On Fri, 14 Dec 2007 08:25:04 +0900, “Just Another Victim of the Ambient
Morality” [email protected] wrote:
If Ruby 1.9 will use system threads, what will happen to the green threads?
Ruby will no longer have green threads, as such.
What will happen to libraries that require green threads, like generator.rb?
Will they end up using system threads?
They’ll be using coroutines (fibers) rather than threads, which are a
lighter-weight alternative to green threads. Fibers will also be used
to provide external iterators.
If Ruby is using system threads, does that mean Ruby will be thread
safe? That is, will we be able to call into an embedded Ruby interpreter
from multiple threads?
Not at this time. The main difficulty is that the Ruby interpreter
any thread calling into it to have certain special setup done at thread
creation time (which Ruby performs when creating its own threads, but
have been done for any application-created threads except for the one
initialized the Ruby interpreter).
Also, initially, there will be a single large mutex around the Ruby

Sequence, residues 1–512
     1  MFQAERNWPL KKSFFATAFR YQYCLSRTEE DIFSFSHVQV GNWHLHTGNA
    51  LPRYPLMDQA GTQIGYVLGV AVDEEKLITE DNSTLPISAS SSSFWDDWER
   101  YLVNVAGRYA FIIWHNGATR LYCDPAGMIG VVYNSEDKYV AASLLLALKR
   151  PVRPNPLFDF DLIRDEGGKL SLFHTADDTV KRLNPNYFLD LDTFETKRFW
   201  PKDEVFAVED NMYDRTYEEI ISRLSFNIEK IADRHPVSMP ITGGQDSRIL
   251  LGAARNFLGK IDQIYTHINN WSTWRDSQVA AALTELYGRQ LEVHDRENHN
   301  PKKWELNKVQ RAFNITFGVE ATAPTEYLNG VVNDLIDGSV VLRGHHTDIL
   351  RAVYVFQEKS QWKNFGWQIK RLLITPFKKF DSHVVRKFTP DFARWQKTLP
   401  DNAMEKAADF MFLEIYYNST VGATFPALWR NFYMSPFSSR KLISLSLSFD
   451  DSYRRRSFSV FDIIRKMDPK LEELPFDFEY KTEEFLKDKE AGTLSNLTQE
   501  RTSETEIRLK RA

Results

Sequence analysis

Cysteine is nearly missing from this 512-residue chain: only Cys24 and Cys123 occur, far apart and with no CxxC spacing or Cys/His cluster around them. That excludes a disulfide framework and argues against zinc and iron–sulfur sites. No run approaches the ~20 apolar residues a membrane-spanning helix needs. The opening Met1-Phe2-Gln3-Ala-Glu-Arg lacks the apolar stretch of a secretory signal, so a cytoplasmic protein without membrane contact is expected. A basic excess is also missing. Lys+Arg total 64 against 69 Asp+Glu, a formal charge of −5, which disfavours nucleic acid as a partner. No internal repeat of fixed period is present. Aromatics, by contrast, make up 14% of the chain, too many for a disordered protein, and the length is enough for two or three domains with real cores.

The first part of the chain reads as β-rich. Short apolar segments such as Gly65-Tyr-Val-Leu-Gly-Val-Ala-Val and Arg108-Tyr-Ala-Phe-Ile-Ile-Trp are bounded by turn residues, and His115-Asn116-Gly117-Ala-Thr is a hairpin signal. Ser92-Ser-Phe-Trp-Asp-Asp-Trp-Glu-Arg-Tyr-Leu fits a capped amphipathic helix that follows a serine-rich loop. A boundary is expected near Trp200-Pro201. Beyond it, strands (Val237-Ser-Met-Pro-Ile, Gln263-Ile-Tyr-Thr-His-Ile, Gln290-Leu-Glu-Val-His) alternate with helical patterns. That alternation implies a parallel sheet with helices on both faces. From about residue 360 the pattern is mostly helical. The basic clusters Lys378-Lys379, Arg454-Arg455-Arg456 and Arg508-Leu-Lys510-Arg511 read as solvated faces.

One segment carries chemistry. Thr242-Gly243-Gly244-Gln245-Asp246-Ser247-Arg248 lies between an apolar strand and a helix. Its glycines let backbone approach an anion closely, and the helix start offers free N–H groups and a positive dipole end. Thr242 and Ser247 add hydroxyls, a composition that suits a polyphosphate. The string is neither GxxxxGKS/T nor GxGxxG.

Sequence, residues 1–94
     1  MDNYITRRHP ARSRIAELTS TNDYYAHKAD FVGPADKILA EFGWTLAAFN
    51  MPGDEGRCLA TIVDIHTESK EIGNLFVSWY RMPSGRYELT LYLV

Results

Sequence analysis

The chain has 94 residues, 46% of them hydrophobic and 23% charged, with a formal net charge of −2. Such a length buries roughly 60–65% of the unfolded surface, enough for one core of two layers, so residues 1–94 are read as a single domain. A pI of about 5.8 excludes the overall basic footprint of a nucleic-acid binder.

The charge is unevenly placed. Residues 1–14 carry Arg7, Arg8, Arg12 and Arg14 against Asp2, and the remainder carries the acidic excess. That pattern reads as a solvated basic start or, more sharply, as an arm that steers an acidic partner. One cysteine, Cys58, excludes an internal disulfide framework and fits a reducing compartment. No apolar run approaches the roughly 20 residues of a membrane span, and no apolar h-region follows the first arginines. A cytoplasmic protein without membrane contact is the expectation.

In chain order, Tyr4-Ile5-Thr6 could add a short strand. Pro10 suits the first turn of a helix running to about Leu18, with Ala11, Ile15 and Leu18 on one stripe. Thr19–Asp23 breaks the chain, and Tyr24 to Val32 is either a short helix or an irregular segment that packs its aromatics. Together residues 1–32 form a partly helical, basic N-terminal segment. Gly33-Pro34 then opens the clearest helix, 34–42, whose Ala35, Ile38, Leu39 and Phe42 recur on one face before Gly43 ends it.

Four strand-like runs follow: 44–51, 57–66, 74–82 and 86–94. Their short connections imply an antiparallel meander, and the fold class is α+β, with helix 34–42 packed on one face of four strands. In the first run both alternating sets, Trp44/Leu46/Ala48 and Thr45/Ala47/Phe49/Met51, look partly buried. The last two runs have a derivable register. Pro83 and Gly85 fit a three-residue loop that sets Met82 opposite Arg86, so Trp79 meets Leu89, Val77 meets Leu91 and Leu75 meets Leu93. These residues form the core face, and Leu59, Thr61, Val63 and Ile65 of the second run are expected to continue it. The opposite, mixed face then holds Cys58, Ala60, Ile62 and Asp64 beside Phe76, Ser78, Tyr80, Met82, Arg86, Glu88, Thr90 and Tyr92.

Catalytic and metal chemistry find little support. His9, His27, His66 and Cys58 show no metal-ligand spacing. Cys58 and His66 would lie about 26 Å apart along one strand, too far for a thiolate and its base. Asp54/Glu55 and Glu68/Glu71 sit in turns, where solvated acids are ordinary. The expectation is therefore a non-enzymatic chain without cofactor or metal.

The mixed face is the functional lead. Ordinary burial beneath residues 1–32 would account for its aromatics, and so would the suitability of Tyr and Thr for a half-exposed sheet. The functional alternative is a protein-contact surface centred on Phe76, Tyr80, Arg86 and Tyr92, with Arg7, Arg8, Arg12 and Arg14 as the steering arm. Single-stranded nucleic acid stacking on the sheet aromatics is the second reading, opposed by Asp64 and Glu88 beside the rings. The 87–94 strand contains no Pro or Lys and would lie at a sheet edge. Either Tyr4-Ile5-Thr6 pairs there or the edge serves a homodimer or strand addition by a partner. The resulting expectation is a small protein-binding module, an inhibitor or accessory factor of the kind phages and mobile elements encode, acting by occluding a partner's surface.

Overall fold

interpreter, preventing any of the Ruby system threads from running
concurrently (and also strictly serializing their memory effects). Over
time it may be relaxed, however, as synchronization of the interpreter
becomes more fine-grained.
Matz’s most “regretting” behaviour of Ruby is that block variables are
local to the block. Will this be changed in Ruby 1.9?
I’m a little fuzzy on what happens to variables which are simply
implicitly declared. However, block arguments will always be
block-local in 1.9, and there is additional syntax for explicitly
declaring a variable to be block-local (block-local variable names
follow a semicolon in the block argument list).
Finally, if Ruby will now be compiled into bytecode, will we be able
to run the bytecode without the Ruby source?
Possibly. JRuby has (experimental) support for YARV-compiled scripts,
with -Y compiling a script and -y running a compiled script. I don’t
think ruby 1.9 offers a commandline option to do it at this time, but
it seems a likely eventual addition.
Will Ruby be able to do this in an embedded application?
Assuming support for running bytecode directly in the final 1.9, it
would be trivial.